A numerical simulation approach of hydraulic fracture process of unsaturated soil with high saturation has been presented. The approach can consider the coupling of stress distribution, water-air mixture fluid flow, compression and dissolution of air, and element damage evolution. A key to the approach is the concept of homogenized pore fluid which is that the mixture of gas and liquid can be considered to be an equivalent homogeneous pore fluid which completely fills the pores of the soil. As the proportions of air and water vary (due to flow of water and air, or due to compression of air and dissolution of air), the mechanical properties of the homogenized pore fluid vary correspondingly.
A large number of numerical analyses on hydraulic fracturing in unsaturated soil with incipient injection slot have been carried out to study the characteristics of critical stress intensity factor of model I type of crack loading. The numerical results were shown to be in good agreement with the experimental results. The propagation of hydraulic fracturing in unsaturated soil has been simulated also. The simulation results have indicated that saturation is a fundamental constraint on the hydraulic fracturing in clay.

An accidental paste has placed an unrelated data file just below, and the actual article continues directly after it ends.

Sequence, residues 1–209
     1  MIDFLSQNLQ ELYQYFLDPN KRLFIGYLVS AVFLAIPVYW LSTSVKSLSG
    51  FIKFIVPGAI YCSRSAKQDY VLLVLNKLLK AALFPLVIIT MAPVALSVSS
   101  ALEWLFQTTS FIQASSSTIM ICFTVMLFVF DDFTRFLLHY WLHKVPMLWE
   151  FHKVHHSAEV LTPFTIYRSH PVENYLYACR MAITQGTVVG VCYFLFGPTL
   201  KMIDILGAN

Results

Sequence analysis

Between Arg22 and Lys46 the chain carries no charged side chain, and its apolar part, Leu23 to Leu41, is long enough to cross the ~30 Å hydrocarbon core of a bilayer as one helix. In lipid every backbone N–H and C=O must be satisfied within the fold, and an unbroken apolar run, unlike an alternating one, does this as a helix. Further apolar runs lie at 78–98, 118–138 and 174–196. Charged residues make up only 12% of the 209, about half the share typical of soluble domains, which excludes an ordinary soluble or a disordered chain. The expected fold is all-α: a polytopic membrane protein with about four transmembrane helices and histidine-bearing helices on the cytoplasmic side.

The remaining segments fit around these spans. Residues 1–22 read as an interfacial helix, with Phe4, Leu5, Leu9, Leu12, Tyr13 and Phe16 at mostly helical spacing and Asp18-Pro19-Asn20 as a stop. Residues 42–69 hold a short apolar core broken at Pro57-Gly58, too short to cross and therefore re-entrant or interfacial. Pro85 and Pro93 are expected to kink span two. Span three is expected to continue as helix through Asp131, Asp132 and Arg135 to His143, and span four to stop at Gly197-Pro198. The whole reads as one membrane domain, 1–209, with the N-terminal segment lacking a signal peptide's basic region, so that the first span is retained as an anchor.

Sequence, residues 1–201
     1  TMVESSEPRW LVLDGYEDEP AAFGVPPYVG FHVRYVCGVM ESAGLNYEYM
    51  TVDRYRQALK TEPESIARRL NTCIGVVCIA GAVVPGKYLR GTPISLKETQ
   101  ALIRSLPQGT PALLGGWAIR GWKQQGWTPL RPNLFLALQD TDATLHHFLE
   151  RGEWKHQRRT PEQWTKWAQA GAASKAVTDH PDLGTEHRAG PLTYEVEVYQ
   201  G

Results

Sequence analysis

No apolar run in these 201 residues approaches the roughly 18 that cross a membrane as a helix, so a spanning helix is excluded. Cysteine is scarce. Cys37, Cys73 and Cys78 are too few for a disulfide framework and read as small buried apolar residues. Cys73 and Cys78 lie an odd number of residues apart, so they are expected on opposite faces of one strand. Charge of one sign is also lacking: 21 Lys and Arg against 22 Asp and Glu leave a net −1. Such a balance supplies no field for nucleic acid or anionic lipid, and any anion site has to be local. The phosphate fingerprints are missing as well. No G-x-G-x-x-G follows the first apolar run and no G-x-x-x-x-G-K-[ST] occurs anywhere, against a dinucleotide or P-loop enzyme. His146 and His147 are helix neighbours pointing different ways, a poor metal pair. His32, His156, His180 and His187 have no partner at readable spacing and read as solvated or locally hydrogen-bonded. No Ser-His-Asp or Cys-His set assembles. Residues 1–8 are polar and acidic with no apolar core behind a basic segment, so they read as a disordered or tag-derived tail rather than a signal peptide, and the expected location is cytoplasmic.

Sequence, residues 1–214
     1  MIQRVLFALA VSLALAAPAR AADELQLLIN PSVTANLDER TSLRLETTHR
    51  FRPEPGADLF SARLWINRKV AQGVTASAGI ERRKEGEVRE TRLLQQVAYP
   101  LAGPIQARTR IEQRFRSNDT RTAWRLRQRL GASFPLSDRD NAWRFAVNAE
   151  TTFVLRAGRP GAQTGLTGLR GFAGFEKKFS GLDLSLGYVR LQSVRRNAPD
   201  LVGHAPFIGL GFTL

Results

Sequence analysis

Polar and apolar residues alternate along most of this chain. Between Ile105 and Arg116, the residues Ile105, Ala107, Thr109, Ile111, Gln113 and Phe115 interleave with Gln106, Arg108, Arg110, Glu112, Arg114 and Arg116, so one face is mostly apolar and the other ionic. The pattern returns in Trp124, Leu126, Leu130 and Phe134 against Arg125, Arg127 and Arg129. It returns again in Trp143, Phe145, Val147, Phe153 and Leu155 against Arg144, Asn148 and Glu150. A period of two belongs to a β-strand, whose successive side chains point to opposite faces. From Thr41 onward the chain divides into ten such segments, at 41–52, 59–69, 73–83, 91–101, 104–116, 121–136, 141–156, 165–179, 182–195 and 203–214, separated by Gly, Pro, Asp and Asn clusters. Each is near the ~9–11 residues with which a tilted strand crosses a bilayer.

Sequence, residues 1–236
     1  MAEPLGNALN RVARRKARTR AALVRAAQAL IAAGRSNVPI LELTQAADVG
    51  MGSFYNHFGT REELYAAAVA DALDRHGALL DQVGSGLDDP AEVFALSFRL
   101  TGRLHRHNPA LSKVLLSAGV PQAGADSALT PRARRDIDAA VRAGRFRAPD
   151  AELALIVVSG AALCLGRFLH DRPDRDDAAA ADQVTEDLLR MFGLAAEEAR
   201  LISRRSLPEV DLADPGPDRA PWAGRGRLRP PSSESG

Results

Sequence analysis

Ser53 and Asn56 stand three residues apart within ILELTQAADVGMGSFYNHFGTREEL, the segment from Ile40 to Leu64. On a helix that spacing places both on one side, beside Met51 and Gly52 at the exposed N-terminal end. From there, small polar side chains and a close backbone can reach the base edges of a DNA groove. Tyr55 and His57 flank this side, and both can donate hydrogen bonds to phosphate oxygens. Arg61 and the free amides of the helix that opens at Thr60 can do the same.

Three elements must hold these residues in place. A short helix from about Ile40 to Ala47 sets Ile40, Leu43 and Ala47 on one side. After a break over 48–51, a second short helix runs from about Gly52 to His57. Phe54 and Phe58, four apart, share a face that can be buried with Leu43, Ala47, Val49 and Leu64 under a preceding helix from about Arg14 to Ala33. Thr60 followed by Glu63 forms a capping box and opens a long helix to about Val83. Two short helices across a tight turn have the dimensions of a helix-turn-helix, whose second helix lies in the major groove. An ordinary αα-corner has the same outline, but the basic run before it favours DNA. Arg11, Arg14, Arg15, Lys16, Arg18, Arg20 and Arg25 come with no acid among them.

Although this study is a preliminary attempt and needs further development, the simulation results may provide some insight of the crack initiation and propagation mechanisms during hydrofracturing of unsaturated soil with high saturation.
Conflict of Interests
The authors declare that there is no conflict of interests regarding the publication of this paper.
The authors gratefully acknowledge the financial support of the National Basic Research Program of China under Grant 2010CB732100 and the National Natural Science Foundation of China under Grant 51278041.